Criminally ignored stateside yet widely revered across mainland Europe, Swedish band Mustasch continue to churn out an addictive brand of melodic hard rock/metal with bite on their latest effort Silent Killer. The newest single “Libertà” contains a stirring main riff that has some In Flames-like qualities, as the vocals channel the better parts of grunge and Glenn Danzig. The visual components take place on an airfield, featuring slow motion turns and picturesque sky-high action. This scribe bets the quartet truly enjoyed feeling like a kid in a candy store taking visual dreams and putting them into reality. In a just world, Mustasch would be touring globally to sold out audiences at arena/stadium levels – yes, they are that good. – Matt Coe (Mustasch official website)

The Night Flight Orchestra
“This Time”
Sometimes the World Ain’t Enough
Nuclear Blast Records

Surely the first of many fun videos to come from the band’s upcoming fourth album, The Night Flight Orchestra continue to revel in the retro on the lead single “This Time.” Lots of ’80s inspired effects (and hiccups of course) set the tone, and it’s quite clear the entire band is having a great time with the concept. And why wouldn’t they be? “This Time” is just as instantly addictive as anything on their previous album, Amber Galactic. If the rest of the album is as good as this track, classic rock (and Soilwork/Arch Enemy) fans are going to be in for a treat. – Kyle McGinn (The Night Flight Orchestra on Facebook)

Shores of Null
“House of Cries”
Black Drapes for Tomorrow
Candlelight/Spinefarm Records

We may have just featured Shores of Null last month, but with a new video that’s as exciting/creepy as “House of Cries,” we figured it’d be okay to give them some more attention. Done in black and white, there’s never a lack for striking images and artsy to sit beside the melancholic track (even at its heaviest moments). There’s quite a bit of depth with the way everything falls into place – it’s bleak yet thoroughly enticing, not to mention plenty of emotion between the song itself and the way that it plays out on screen. May this band’s third effort hopefully be the one that elevates their status to the much deserved next level. – Kyle McGinn (Shores of Null on Facebook)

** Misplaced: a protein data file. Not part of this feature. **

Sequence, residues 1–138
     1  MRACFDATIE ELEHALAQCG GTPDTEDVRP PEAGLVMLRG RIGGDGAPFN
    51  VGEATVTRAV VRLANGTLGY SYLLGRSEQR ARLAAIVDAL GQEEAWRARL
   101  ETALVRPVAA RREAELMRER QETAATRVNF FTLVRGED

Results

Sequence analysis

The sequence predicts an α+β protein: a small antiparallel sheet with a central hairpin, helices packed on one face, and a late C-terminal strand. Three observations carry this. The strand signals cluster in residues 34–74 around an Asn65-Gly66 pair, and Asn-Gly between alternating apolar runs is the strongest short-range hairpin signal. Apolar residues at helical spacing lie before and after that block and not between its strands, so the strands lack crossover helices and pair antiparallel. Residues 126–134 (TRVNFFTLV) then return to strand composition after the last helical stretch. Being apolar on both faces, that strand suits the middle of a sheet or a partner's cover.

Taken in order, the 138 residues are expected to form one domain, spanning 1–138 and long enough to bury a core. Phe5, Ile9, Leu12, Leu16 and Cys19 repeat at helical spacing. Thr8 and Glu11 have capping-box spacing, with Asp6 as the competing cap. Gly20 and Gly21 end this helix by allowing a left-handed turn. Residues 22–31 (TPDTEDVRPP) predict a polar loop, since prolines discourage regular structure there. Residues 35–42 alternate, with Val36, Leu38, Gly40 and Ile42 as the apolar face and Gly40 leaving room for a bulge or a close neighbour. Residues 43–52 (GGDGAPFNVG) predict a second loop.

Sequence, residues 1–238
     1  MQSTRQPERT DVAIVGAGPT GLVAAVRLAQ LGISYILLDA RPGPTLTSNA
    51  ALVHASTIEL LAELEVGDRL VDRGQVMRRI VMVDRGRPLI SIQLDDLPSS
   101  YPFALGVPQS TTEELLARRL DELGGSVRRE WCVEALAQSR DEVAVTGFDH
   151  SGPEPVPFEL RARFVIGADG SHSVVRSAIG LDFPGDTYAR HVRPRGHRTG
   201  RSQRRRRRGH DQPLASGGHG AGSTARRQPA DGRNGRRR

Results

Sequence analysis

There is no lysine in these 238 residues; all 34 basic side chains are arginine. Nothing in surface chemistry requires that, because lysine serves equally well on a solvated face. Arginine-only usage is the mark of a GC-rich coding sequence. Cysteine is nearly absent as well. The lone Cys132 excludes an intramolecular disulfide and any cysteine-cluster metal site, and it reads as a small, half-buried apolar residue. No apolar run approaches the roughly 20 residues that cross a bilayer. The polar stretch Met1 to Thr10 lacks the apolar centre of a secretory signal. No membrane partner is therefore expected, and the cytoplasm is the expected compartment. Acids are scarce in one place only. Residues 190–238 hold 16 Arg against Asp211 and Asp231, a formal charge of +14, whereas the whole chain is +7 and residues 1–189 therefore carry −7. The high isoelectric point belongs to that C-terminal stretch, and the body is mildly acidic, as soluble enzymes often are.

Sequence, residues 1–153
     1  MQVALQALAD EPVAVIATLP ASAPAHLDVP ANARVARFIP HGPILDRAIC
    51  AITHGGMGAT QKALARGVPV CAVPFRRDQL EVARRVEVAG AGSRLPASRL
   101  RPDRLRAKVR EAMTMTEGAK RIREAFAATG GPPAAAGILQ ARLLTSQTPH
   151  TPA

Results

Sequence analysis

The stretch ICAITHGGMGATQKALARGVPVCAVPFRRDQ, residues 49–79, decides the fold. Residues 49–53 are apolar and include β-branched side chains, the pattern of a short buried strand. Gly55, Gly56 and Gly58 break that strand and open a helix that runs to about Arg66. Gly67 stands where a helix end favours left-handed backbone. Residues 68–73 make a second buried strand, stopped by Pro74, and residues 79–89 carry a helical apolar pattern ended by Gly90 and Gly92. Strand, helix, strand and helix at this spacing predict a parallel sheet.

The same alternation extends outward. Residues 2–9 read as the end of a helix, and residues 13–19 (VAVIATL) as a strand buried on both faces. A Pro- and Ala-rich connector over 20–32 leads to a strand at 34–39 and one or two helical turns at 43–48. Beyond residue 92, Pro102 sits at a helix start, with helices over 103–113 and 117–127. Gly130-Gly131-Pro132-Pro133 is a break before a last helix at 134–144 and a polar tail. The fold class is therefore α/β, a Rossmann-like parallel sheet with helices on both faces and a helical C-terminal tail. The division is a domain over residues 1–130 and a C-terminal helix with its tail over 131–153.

“TSAR #1”

What happens when you combine death/groove metal, Alice in Wonderland, and psychedelia? You wind up with Vicery’s latest video for “TSAR #1.” The description is as simple as that, and it’s just as far out there as you’d expect. The upfront heaviness of the grooves couple with the melodies to create quite an enjoyable vibe, mixing it up with some tribal-esque elements occasionally. When this combines with the already trippy vibes of Alice in Wonderland and then further intensify the psychedelia, the result is rather maddening (in a good way). A music video on acid? Potentially, but there’s nothing out there quite like it. Vicery are a promising young act, and with this level of creativity, they are bound to garner some attention. – Kyle McGinn (Vicery on Facebook)

Retro video:
Century Media

The first taste of Moonspell’s second album, “Opium” is one of those anthems that helped propel the band into the national charts. Between the shifting clean to heavy dynamics, Fernando’s gothic to extreme vocal nuances, and the propulsive tempo changes, it’s easy to understand how Moonspell found favor with metal, alternative, and gothic audiences. The older early 20th century symbolism, map/calligraphy notes, and occasional flashes to cascading water against rock sequences keep up to the song’s quick delivery. Even as Moonspell modify or expand their outlooks album to album, “Opium” continues to fuel my passion for the band this many decades later. – Matt Coe (Moonspell on Facebook)

[fbcomments width="580"]